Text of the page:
Item................. Wgt (pounds) Weight (kg) Vol(m3) Len(m) Len( f)t
Thrust............. 3,850,000.0 1,750,000.0
Take Off Weight 3,080,000.0 1,400,000.0
Propellant......... 1,767,920.0 803,600.0 2,009.0 52.2 171.2
LNG................... 364,519.6 165,690.7
LOX................... 1,403,400.4 637,909.3
Structure.......... 234,080.0 106,400.0
Balance............ 1,078,000.0 490,000.0
Propellant......... 618,772.0 281,260.0 703.2 18.3 59.9
LNG................... 127,581.9 57,991.8
LOX................... 491,190.1 223,268.2
Structure.......... 81,928.0 37,240.0
Balance............. 377,300.0 171,500.0
Propellant.......... 216,570.2 98,441.0 246.1 6.4 21.0
LNG................... 44,653.6 20,297.1
LOX................... 171,916.6 78,143.9
Structure........... 28,674.8 13,034.0
Payload.............. 132,055.0 60,025.0
So, how did we do? How close is this to the Glenn 3 - three stage rocket?
While the first stage is slated for recovery to gain the biggest bang for the buck, there's no reason not to look at the second and third stages as well. The second stage doesn't need to be recovered down range. Its flying fast enough to skip around the world and land at its launch point, similar to the way a Sanger bomber was designed to do back in the 1930s. The orbital stage ditto - it can be deorbited and land directly at the launch point when its released its payload. Throwing away the aeroshell is the last thing to be reused.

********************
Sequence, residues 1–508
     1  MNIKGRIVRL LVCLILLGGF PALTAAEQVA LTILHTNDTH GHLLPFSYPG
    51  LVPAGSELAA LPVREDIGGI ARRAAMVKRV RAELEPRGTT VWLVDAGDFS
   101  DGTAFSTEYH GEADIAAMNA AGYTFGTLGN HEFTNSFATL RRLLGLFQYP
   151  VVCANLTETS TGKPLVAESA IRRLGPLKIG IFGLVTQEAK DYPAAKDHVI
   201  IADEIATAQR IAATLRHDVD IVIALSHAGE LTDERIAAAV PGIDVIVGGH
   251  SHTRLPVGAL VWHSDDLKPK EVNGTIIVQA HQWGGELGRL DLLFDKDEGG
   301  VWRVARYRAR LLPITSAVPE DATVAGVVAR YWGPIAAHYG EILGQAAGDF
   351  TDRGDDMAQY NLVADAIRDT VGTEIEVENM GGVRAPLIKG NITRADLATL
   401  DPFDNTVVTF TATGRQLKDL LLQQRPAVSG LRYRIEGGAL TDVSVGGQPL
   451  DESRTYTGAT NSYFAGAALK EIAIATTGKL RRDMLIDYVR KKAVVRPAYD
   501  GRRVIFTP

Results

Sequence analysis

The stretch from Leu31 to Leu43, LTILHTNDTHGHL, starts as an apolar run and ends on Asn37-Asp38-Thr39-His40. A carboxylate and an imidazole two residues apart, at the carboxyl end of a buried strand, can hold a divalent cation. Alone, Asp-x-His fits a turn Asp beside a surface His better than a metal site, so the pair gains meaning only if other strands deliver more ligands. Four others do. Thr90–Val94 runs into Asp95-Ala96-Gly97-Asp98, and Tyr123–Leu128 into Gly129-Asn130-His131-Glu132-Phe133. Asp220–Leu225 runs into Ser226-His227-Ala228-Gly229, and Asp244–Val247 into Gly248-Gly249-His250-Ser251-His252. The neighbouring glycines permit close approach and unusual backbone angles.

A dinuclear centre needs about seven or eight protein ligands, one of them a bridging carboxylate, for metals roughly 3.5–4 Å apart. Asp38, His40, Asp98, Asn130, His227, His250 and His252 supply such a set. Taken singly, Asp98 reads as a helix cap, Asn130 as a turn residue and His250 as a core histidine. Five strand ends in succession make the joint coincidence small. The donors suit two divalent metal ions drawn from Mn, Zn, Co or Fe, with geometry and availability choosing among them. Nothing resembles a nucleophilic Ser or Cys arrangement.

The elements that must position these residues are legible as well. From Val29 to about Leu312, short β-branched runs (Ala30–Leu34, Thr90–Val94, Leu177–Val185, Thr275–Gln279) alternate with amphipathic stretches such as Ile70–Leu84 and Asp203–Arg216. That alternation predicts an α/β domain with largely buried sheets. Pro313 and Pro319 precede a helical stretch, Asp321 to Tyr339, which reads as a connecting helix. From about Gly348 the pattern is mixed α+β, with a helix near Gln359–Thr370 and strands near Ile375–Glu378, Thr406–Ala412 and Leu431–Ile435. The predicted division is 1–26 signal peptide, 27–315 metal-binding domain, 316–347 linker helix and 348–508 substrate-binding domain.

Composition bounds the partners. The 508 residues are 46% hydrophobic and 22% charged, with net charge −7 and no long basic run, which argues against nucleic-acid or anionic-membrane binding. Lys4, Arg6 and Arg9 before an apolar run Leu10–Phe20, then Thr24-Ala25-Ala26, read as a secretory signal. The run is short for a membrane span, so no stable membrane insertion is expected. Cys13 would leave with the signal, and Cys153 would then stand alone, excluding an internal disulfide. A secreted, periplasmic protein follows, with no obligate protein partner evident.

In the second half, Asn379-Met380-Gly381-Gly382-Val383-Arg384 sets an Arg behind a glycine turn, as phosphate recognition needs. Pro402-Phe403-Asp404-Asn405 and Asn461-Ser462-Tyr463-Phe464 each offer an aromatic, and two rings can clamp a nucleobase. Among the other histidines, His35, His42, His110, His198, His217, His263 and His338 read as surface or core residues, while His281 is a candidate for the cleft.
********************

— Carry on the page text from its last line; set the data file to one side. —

The BE-4 can be throttled back to 20,000 lbs thrust from 550,000 lbs thrust. This means that a single BE-4 in the second and third stages simplify operations logistics and support - with the seven engines in the first stage.
The BE-3 is an interesting engine as well. Its a 110,000 lbf LOX/LH2 engine and is well suited, with ZBO composite cryogenic tanks, and MEMS based solar powered cryo-coolers on board, for deep space operations. Deeply throttable as well to 3,500 lbf, its ideally suited to take 132,000 lb payload from LEO to LLO or to Mars or the Asteroids. Capable of 4.6 km/sec exhaust speeds in vacuo, it projects the most mass most conveniently at lowest technical risk.
A delta vee from LEO to LLO and back again is 4.4 km/sec. 0.6158 propellant fraction and with a 0.0742 propellant fraction leaves 0.3100 payload fraction. So, 132,000 lbs in LEO -equipped with a BE-3 powered kick stage, can carry 40,920 lbs (18,600 kg) to Low Lunar Orbit (LLO) and back to Earth - to be recovered and reused!
The astronaut tourists on this trip will wear mechcanical counter pressure biosuits with MEMS based life support and MEMS based bipropellant engine arrays that will operate as a rocket belt with the biosuit creating a space wingsuit - that allows an astronaut to jump down from LLO to the Lunar Surface and back to orbit again - spending up to 16 hours on the lunar surface and up to 24 hours in the suit. Over the course of an 8 day stay in LLO each astronaut tourist will visit the moon three times and return - from three different locations.
Each astronaut and crew person will have 400 lbs of consumables on board and 2,500 lbs of payload and structure allocated to them. This allows 1,500 lbs of this is LOX/LH2 propellant - used for the three lunar landings and take offs via rocket belt.